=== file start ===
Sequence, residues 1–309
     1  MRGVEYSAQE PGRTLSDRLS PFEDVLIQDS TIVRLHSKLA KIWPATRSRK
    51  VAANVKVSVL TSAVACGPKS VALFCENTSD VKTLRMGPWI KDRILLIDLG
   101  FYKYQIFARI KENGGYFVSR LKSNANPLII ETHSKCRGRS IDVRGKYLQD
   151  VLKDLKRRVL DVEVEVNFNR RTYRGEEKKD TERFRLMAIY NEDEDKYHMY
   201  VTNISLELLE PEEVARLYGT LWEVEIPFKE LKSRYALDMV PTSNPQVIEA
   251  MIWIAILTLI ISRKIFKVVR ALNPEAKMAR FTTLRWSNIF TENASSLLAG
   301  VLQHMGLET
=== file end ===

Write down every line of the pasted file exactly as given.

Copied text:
Sequence, residues 1–309
     1  MRGVEYSAQE PGRTLSDRLS PFEDVLIQDS TIVRLHSKLA KIWPATRSRK
    51  VAANVKVSVL TSAVACGPKS VALFCENTSD VKTLRMGPWI KDRILLIDLG
   101  FYKYQIFARI KENGGYFVSR LKSNANPLII ETHSKCRGRS IDVRGKYLQD
   151  VLKDLKRRVL DVEVEVNFNR RTYRGEEKKD TERFRLMAIY NEDEDKYHMY
   201  VTNISLELLE PEEVARLYGT LWEVEIPFKE LKSRYALDMV PTSNPQVIEA
   251  MIWIAILTLI ISRKIFKVVR ALNPEAKMAR FTTLRWSNIF TENASSLLAG
   301  VLQHMGLET